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Geodynamics
Diogo Lourenço & Antoine Rozel

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Searching for future directions in tectonic modelling

Searching for future directions in tectonic modelling

Geoscientists frequently use forward geodynamic simulations to test hypotheses derived from geophysical and geologic observations. While numerical simulations of lithospheric deformation have lead to key advances in our understanding of tectonic processes, in many cases it remains difficult to ascertain whether numerical models reproduce observations for the correct underlying regions.  This week, John Naliboff and Jolante van Wijk discuss this issue, and talk about a White Paper being prepared by the Computational Infrastructure for Geodynamics (CIG) Long-Term Tectonics Working Group on this topic.

John Naliboff. Assistant Research Scientist in the Department of Earth and Planetary Sciences, UC Davis.

In recent years, advances in numerical methodology, high-performance computing and elucidation of complex geologic observations have enabled 3-D simulations of long-term lithospheric deformation at kilometer-scale resolution and with complex non-linear material behavior. The lithosphere models generally include rheological and compositional layering that delineate a brittle upper crust, ductile (viscous) to brittle mid- to lower crust and a brittle to ductile lithospheric mantle overlying a purely viscous asthenosphere. Inherently, the rheological behavior of distinct layers varies temporally through complex feedbacks between temperature, grain-size, strain-rate, phase transitions, flexural stresses and finite deformation. Across a wide range of tectonic settings, numerical investigations incorporating this type of behavior have qualitatively and in some cases quantitatively reproduced key first- and second-order geologic observations.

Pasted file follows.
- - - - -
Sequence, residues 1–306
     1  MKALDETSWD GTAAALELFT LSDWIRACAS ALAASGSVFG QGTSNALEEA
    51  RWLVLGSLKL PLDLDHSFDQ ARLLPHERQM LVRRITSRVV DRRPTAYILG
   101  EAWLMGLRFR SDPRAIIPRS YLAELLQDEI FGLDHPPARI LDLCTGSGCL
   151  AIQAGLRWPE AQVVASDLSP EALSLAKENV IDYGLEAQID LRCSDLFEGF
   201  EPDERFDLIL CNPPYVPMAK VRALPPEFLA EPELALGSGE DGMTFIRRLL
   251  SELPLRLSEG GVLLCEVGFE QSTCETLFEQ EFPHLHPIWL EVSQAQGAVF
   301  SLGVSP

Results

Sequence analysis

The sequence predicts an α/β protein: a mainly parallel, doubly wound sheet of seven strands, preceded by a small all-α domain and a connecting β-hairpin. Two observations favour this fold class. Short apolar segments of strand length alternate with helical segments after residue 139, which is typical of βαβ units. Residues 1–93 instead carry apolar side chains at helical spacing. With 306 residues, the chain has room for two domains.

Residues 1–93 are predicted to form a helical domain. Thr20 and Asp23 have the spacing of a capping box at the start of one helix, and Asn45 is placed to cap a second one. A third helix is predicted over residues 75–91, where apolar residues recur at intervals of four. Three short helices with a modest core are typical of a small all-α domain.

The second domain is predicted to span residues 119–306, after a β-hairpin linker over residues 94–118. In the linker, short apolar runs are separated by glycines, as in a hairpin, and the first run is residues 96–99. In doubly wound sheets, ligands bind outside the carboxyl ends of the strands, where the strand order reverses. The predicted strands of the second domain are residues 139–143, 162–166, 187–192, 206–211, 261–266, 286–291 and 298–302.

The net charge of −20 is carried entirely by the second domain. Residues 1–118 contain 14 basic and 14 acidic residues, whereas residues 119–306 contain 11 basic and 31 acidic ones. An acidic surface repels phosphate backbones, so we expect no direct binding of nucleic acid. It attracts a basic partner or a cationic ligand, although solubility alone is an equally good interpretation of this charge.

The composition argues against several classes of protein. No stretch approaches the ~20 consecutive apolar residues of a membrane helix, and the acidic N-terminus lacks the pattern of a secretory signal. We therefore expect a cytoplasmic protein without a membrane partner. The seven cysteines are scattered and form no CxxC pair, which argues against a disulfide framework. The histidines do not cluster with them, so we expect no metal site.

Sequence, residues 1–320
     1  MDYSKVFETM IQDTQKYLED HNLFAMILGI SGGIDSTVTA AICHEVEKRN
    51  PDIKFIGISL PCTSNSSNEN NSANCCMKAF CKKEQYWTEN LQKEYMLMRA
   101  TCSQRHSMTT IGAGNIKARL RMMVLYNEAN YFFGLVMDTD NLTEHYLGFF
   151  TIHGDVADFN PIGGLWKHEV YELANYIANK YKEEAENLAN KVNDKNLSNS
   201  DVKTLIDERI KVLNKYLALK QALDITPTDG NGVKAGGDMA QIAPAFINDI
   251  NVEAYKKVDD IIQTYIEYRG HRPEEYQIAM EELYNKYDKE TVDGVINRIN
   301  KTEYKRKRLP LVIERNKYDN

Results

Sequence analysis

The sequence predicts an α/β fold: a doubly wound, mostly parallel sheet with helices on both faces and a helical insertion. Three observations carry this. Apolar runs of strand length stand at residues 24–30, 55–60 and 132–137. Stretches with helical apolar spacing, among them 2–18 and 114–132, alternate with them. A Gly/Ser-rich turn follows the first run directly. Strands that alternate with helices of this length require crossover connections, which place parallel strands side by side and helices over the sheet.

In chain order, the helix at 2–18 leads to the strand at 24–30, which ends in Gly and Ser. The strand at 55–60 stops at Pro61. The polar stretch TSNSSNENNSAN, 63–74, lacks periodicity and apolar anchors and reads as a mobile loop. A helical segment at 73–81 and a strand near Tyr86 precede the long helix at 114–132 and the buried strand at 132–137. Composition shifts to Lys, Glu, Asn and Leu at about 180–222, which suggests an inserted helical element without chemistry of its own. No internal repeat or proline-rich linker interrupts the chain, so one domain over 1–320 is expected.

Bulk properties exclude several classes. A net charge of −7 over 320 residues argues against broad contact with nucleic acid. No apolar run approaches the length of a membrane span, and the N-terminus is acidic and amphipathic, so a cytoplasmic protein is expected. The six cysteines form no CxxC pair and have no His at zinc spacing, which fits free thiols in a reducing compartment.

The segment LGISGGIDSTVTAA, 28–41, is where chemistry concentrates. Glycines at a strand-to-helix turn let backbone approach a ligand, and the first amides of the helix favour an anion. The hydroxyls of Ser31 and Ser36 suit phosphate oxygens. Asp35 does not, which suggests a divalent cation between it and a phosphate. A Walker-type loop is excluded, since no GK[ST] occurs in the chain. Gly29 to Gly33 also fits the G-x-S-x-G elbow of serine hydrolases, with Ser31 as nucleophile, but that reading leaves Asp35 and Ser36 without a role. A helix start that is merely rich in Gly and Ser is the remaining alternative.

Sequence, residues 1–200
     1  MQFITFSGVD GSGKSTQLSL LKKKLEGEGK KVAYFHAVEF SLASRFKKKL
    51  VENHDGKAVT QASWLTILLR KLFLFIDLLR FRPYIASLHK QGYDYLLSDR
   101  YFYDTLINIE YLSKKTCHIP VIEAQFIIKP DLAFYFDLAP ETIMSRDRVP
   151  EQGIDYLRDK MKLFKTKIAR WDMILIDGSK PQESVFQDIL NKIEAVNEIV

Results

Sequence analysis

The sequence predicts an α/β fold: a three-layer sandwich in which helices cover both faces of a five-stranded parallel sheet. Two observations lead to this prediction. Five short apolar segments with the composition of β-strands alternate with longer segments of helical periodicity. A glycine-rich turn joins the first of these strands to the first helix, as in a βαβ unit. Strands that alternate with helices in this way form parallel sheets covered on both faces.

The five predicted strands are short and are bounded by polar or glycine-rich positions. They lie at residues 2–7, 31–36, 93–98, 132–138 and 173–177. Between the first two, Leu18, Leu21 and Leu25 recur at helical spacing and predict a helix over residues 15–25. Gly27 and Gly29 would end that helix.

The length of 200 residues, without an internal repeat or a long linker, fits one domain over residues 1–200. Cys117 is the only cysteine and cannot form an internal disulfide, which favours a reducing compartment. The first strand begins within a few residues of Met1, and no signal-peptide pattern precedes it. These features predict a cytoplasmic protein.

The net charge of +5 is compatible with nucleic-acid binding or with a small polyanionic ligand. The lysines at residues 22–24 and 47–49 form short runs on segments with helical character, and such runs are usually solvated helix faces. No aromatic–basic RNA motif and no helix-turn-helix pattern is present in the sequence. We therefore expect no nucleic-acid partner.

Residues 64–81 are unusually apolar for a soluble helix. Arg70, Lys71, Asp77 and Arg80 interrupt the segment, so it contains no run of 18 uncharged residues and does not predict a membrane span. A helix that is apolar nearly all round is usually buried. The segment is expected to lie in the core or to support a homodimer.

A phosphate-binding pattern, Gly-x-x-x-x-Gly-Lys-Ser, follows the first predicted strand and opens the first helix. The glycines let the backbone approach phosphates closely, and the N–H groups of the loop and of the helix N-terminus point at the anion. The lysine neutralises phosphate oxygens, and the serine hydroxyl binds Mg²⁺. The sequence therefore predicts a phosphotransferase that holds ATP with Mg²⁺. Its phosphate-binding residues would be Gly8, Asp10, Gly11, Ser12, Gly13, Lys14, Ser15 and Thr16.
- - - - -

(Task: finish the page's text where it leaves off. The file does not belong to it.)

Jolante van Wijk. Associate Professor in the Department of Earth and Environmental Science, New Mexico Tech.

Despite these successes, numerous significant challenges remain as the computational tectonics community looks toward investigations that account for physical processes acting across a wide range of spatial and temporal scales (Figure 1). Geodynamic model development currently evolves around modifying existing models to include surface processes, thermodynamically consistent melt and volatile transport, metamorphic reactions, and brittle failure to reproduce characteristic features of the seismic cycle.

While many of these processes or features are active areas of research and have been addressed on an individual basis, it often remains unclear at best as to how one should numerically validate even the simplest models of lithospheric deformation. In other words, one can ask whether numerical models of lithospheric processes are reproducing key observations for the correct underlying reasons. Significantly, this question of validation equally applies to observational studies: given that many geologic processes contain significant feedbacks across vast spatial and temporal scales, to what degree can a set of specific observations be interpreted to meaningfully reflect first-order processes?

Continued close collaboration between observational, experimental, and computational Earth scientists is needed to overcome these challenges. At present, the CIG Long-Term Tectonics Working Group is preparing a white paper draft that outlines a 5-10 year vision for collaboration between computational Earth scientists and experimental and observational communities. Given the vast series of topics and disciplines associated with lithospheric dynamics, the White Paper will be organized around Transitional Domains within the lithosphere. The Transitional Domains include Earth’s surface, the brittle-ductile transition, the Moho, the mid-lithosphere discontinuity, and the lithosphere-asthenosphere boundary. For each of these domains we will address the following questions:

  1. How are these domains characterized in the Earth’s lithosphere?